• (Year / 4) - (Year / 100) + (Year / 400): Plus one leap day every 4 years, minus one every 100, plus one every 400.
  • + 1721119: This is the Julian Date of March 2nd, 1 BC. Since we moved the 'start' of the calendar from January to March, we use this as our offset, rather than January 1st. Since there is no year zero, 1 BC gets the integer value 0. As for why March 2nd instead of March 1st, I'm guessing that's because that whole month calculation was still a little off at the end. If the original writer had used - 462 instead of - 457 (- 92.4 instead of - 91.4 in floating point math), then the offset would have been to March 1st.
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Thank you for this detailed explanation. –  cweston Mar 10 '11 at 14:21
    
+1. Awesome post. –  BSalita Feb 6 '12 at 11:27
1  
Sorry I don't like math, but you did it great. Thanks –  fiberOptics Feb 22 '12 at 2:37
    
This doesn't consider that DateTime values are in the Gregorian calendar, and JD are based on the Julian calendar. Wikipedia provides a proleptic Gregorian starting date of November 24, 4714 BC for JD values. I think your values need adjusting. –  Matt Johnson Aug 17 '14 at 9:15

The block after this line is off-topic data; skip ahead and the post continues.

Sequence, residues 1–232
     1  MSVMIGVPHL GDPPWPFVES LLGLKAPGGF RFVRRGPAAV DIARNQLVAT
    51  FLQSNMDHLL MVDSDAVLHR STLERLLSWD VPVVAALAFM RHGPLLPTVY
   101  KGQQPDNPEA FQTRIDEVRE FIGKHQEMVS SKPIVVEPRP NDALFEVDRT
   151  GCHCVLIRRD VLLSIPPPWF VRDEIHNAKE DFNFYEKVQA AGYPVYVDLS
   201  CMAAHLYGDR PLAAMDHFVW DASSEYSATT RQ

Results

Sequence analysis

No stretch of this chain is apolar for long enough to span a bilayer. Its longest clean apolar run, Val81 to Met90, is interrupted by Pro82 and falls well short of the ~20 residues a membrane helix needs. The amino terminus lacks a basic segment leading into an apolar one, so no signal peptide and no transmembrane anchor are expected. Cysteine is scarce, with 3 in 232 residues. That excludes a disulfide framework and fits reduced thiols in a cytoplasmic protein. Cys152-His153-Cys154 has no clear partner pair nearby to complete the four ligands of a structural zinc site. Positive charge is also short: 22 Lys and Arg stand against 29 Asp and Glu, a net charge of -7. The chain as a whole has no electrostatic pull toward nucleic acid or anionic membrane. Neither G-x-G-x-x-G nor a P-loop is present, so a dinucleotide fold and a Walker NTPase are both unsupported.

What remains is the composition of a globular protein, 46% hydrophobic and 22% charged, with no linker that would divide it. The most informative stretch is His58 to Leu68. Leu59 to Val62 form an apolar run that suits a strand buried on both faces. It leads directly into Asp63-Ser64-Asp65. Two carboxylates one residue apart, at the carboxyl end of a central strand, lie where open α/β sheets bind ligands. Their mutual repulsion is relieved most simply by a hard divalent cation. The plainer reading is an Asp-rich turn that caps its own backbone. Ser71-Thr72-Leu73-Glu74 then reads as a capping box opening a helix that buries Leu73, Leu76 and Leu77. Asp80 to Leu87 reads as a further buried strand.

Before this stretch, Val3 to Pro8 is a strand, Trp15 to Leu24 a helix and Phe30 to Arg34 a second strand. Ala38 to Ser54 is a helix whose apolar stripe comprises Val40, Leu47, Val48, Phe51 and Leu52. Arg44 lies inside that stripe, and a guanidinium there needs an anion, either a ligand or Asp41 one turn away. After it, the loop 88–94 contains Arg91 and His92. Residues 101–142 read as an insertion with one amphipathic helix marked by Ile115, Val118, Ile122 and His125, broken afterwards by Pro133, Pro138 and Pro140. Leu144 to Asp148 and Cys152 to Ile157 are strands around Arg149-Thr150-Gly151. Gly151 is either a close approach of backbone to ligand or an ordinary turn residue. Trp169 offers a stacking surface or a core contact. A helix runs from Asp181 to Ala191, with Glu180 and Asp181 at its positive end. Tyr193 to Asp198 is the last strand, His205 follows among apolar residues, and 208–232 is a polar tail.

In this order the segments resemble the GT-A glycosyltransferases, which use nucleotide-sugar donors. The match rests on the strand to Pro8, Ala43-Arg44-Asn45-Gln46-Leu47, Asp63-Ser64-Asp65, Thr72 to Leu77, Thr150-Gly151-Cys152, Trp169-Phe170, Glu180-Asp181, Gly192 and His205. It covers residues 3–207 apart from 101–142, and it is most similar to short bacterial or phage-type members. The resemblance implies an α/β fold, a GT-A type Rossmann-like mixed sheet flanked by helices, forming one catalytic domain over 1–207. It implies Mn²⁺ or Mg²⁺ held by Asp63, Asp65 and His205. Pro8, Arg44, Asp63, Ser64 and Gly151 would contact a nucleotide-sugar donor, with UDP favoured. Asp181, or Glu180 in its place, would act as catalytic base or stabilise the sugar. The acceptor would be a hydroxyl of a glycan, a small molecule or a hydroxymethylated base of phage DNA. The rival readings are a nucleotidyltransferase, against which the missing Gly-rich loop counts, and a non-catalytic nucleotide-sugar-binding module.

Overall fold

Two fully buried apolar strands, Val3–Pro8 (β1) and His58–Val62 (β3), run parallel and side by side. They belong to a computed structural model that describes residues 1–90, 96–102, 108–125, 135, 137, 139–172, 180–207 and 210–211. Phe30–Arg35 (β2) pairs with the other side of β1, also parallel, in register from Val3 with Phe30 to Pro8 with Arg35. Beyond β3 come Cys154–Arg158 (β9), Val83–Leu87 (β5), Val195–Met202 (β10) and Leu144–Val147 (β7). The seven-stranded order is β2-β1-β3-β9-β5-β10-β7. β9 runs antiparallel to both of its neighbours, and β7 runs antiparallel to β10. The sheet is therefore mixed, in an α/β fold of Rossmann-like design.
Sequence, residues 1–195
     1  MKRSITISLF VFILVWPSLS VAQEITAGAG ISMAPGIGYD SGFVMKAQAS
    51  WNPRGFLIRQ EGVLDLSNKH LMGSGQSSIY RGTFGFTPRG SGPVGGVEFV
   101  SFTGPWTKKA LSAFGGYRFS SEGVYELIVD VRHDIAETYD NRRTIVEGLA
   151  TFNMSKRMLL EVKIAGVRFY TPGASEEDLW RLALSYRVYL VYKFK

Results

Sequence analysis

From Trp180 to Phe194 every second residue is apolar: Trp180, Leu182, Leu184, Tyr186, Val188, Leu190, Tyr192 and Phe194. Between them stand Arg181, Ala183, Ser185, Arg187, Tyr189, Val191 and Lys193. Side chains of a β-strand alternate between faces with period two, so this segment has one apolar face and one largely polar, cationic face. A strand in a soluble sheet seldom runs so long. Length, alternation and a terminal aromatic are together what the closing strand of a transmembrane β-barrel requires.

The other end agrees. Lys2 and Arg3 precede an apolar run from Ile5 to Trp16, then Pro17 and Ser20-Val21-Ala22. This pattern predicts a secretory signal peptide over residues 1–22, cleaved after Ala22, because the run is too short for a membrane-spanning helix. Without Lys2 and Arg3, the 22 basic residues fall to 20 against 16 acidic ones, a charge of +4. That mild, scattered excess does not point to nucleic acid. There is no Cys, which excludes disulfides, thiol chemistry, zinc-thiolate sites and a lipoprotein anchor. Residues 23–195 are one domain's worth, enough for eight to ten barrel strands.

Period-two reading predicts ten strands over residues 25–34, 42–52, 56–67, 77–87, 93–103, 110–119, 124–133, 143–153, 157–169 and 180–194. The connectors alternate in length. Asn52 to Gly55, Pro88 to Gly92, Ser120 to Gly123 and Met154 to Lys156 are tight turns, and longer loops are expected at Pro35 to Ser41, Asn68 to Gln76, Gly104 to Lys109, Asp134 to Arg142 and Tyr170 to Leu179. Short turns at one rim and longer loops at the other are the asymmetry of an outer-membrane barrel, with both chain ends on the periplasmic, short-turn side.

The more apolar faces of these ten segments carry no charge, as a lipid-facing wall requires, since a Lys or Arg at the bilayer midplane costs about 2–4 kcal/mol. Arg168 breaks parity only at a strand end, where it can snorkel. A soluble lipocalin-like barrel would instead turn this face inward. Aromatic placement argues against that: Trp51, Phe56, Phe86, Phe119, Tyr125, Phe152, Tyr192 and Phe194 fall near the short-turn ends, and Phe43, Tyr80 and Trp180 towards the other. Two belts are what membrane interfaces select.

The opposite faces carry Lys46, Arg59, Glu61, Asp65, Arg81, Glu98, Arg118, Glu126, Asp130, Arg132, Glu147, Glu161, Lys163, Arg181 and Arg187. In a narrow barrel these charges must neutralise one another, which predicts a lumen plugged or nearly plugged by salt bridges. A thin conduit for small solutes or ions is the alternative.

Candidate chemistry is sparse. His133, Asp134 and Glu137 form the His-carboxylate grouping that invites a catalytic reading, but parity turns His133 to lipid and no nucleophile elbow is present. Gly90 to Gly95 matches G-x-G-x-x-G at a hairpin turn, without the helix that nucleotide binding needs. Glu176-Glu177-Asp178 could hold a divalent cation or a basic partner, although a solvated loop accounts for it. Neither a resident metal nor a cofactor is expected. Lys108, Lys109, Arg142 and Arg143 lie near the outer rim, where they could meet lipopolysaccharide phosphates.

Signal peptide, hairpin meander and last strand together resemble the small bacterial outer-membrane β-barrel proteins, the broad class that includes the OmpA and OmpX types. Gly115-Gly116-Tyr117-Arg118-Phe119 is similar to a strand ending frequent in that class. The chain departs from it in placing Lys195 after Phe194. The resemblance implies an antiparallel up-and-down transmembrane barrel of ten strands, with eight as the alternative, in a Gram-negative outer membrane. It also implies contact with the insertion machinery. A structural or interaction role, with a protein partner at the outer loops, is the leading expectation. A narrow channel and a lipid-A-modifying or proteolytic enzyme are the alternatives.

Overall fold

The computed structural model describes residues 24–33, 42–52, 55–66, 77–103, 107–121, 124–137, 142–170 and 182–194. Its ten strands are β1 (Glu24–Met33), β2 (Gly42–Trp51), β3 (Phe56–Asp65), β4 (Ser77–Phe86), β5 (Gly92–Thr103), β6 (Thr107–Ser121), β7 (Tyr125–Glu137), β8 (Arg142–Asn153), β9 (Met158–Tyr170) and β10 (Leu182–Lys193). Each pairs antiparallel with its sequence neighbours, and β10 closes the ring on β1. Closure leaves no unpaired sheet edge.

While the method

public static double ToJulianDate(this DateTime date) { return date.ToOADate() + 2415018.5; }

works for modern dates, it has significant shortcomings.

The Julian date is defined for negative dates - i.e, BCE (before common era) dates and is common in astronomical calculations. You cannot construct a DateTime object with the year less than 0, and so the Julian Date cannot be computed for BCE dates using the above method.

The Gregorian calendar reform of 1582 put an 11 day hole in the calendar between October 4th and the 15th. Those dates are not defined in either the Julian calendar or the Gregorian calendar, but DateTime accepts them as arguments. Furthermore, using the above method does not return the correct value for any Julian date. Experiments with using the System.Globalization.JulianCalendar.ToDateTime(), or passing the JulianCalendar era into the DateTime constructor still produce incorrect results for all dates prior to October 5, 1582.